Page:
Bicuspid Aortic Valve
Bicuspid aortic valve (BAV) affects approximately one to two percent of people. It is the most common congenital heart disorder, impacting both the aortic valve (which controls the flow of blood into the aorta) and the thoracic aorta (the major vessel that sends blood throughout the body). About nine percent of people with BAV have relatives with the disease, so family screening is important.
What is Bicuspid Aortic Valve?
Healthy aortic valves have three cusps (or leaflets) that regulate blood flow from the heart’s left ventricle to the aorta. In people with BAV, the aortic valves have only two cusps instead of three.
Many people with BAV will need surgery in their lifetime, either for the valve, the ascending aorta or both. Surgery may be minimally invasive. Sometimes surgeons can repair a leaky valve, but other times, the aortic valve will need to be replaced.
Team Approach to Treating Bicuspid Aortic Valve
Northwestern Memorial’s Center for Heart Valve Disease relies on a multidisciplinary approach to treating BAV. Our Bicuspid Aortic Valve Program is co-directed by Jyothy Puthumana, MD, (specializing in medical treatment), and S. Chris Malaisrie, MD, (specializing in surgery). They collaborate with Patrick M. McCarthy, MD, an internationally known cardiac surgeon specializing in valve repairs, and Robert O. Bonow, MD, past chair of the American College of Cardiology/American Heart Association Task Force on Practice Guidelines (Committee on Management of Patients With Valvular Heart Disease).
Together, these experts lead a team of cardiologists, cardiac surgeons, nurses, cardiac rehabilitation specialists, psychologists and social workers to help manage the disease of BAV. A dedicated nurse coordinator will follow your case and help coordinate the team.
Find out more about Northwestern's Bicuspid Aortic Valve program and download your free guide.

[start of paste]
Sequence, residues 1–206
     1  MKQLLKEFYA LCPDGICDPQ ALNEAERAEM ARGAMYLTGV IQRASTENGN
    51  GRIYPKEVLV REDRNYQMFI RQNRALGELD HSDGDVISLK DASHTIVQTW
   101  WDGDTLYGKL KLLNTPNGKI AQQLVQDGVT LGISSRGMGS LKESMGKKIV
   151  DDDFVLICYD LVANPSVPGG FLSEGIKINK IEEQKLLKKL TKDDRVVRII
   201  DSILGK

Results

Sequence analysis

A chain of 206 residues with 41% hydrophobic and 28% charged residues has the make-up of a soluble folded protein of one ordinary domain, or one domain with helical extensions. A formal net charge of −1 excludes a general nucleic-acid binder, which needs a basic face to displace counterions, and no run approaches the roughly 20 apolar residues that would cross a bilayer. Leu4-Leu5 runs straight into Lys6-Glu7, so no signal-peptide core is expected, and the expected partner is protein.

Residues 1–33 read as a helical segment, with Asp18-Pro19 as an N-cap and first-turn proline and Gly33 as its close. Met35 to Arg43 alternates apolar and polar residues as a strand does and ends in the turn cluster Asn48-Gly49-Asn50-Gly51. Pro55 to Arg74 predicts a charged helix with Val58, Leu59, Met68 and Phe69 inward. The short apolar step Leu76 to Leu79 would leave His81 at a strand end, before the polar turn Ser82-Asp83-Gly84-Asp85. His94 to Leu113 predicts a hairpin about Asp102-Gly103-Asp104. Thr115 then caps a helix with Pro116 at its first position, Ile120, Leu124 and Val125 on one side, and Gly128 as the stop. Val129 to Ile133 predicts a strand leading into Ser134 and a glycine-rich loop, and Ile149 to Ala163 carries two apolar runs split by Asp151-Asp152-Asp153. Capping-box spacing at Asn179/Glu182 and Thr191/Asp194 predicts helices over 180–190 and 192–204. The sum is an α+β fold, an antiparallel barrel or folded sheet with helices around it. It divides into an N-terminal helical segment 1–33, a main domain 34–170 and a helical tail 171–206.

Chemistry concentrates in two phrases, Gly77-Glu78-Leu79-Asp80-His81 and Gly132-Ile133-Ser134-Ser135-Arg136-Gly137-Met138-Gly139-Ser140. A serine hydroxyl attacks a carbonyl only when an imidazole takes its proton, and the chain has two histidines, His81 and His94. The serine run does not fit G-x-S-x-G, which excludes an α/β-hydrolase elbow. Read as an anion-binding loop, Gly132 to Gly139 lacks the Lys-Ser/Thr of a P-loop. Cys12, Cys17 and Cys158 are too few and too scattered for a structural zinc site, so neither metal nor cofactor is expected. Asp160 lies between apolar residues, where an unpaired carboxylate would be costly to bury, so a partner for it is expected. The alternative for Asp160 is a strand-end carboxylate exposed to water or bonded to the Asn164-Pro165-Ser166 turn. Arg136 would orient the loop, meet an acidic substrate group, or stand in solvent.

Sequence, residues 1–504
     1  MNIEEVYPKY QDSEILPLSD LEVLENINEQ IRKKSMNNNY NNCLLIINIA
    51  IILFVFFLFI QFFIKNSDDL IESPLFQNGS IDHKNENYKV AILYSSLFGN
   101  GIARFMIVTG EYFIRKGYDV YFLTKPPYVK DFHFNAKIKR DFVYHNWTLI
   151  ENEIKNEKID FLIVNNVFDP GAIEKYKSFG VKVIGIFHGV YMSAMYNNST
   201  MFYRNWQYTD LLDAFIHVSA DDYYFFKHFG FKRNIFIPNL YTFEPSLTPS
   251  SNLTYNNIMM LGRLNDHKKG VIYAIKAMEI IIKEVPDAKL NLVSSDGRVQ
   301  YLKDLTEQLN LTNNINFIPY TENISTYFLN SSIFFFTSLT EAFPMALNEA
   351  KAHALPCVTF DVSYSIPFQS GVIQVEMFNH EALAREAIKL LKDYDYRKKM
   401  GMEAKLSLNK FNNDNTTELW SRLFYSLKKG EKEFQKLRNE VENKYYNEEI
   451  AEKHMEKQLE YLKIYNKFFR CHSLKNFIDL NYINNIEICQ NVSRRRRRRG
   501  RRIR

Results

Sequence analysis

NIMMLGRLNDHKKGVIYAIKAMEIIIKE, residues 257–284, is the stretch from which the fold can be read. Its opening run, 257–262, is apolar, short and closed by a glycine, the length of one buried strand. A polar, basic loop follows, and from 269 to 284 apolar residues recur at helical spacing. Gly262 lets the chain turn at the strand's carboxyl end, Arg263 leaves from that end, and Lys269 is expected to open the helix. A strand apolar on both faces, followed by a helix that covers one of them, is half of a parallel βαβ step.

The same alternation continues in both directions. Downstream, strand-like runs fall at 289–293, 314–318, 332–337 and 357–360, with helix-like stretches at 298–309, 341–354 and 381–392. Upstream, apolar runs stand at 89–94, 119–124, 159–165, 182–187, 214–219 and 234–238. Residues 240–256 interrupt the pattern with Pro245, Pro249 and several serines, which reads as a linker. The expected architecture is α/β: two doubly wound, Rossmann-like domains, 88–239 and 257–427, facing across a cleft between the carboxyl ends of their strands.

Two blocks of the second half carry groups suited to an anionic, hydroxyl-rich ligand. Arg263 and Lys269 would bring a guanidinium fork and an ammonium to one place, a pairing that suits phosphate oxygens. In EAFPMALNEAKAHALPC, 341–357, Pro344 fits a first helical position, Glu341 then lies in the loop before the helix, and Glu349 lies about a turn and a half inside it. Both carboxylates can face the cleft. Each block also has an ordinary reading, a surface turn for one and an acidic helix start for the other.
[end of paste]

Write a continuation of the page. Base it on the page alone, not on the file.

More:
Complications from Bicuspid Aortic Valve
About one-third of people with BAV will develop complications from the disease. Those who do develop complications may experience the following:
- Aortic stenosis: The aortic valve does not open wide enough, causing restricted blood flow
- Aortic regurgitation/insufficiency: The aortic valve does not close completely, causing the valve to leak
- Ascending aortic aneurysm: The vessel wall in the first part of the aorta balloons outward
- Aortic dissection: BAV causes bleeding into and along the wall of the aorta
- Infective endocarditis: Bacteria cause an infection of the lining of the heart chambers and heart valves
- Coarctation of the aorta: The aorta becomes too narrow along an edge
Advanced Diagnostic Tools
Northwestern’s Center for Translational Imaging offers patients with BAV access to advanced diagnostic technology. Tools like four-dimensional (4D) magnetic resonance imaging (MRI) and computed tomography (CAT or CT scan) can help our team at the Bicuspid Aortic Valve Program identify complications from BAV and determine the best course of treatment.
For a more complete view of bicuspid aortic valve, visit the John Ritter Foundation for Aortic Health. The Bicuspid Aortic Foundation (BAF) also offers a wide array of educational tools and resources.
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